The single best, safest advice I've seen is to download and use the free CCleaner. I've used it for my machines and those of my clients for numerous years without problems.
However, the problem you describe is almost unique in my experience. 10 to 30 minutes to shutdown?!
The few times I have experienced or seen that has been when there was some huge update taking place ... and in Win 7, these should always be visible as such.
Here are some questions, I haven't seen that need answers:
1. You mention that this started about two months ago. Can you recall any significant changes to your system about that time? Significant changes would be things like: the regular MS updates; installation of any new piece of software or any update; any repair shop work; any hardware addition (new printer, replacement drive, external drive). Any of these can have a direct or cascade effect (wherein one change leads to another leads to another, etc). If you tell us what these changes might have been, some member might know more about the possibilities.
2. One thing that used to call slowdowns was AV file scanning. About four years ago, the old Norton product used to get caught up in scanning each file within a huge compressed file (Zip files, backup files, Recovery files) and not relinquish control back to the computer until it was finished with the particular file, sometimes a matter of an hour or more! This was fixed by removing those enormous files from the scan process, but perhaps you have undone the default ...? It is something to think about.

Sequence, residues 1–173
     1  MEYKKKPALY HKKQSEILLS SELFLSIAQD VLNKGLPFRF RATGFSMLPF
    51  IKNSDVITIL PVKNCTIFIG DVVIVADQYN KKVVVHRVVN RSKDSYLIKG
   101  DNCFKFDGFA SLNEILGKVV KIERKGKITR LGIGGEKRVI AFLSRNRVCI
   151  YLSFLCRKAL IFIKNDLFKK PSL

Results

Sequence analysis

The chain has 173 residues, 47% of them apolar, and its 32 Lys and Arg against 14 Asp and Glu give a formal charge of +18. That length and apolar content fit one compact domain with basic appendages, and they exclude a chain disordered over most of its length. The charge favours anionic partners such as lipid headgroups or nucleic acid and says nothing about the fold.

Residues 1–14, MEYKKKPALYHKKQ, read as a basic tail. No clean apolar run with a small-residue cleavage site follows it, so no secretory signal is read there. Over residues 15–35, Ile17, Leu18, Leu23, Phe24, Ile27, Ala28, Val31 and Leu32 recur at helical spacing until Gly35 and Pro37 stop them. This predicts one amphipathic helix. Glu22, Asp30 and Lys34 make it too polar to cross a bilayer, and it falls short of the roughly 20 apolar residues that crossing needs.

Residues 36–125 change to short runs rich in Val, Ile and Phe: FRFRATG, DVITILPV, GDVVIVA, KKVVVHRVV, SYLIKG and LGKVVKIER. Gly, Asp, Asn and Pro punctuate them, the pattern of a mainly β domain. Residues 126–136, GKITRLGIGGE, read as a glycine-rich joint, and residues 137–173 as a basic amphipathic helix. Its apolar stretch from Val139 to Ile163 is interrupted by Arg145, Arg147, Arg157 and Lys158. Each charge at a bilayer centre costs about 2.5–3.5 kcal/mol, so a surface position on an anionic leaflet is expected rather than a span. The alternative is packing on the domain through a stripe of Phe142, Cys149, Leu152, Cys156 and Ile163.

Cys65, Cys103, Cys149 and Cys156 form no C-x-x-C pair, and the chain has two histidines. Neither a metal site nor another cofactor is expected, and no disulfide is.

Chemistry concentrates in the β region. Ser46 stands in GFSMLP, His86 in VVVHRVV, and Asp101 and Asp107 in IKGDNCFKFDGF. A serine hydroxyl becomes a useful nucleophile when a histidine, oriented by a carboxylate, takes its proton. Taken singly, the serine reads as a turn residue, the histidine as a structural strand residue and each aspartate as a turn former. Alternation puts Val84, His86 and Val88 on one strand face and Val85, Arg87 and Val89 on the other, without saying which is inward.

3. Another think you haven't mentioned is how long your computer is on before you shut it down. The longer it is on, the more processes might be running in the background, the larger your swap file might be, and the greater the number of items on the clipboard.
4. In the same vein, you haven't given us an idea of what kind of software is running on your computer. Video (and even photo) editing can severely tap system resources. I remember years ago trying to rotate an image 2 degrees on an already straining computer. It was a thoughtless maneuver and it locked up my machine for an hour while trying to a) preserve the original in case I needed to revert and b) algebraically convert every pixel on a huge 1200 dpi image to its new position. I am a mathematician and yet I never contemplated the impact of that process.
5. Which makes me think, too, of yet another question: How old are your present apps? Older somewhat sometimes runs faster (because it is used to relying of fewer resources) and sometimes runs slower (because it can cope with coding changes and architectural differences). This would be something to consider if your problems began at the time of some upgrade of your system. Upgrades tend to accentuate the problems associated with out-of-date software and drivers. A good resource here is the free Secunia. Get it, and during installation opt for the passive choice in which Secunia has no right to make changes to your system. You will get great reports on applications and drivers on your system and the option to find your own appropriate upgrades or to accept the ones Secunia will find for you (usually the same ones -- it's just that I feel the user should be in charge).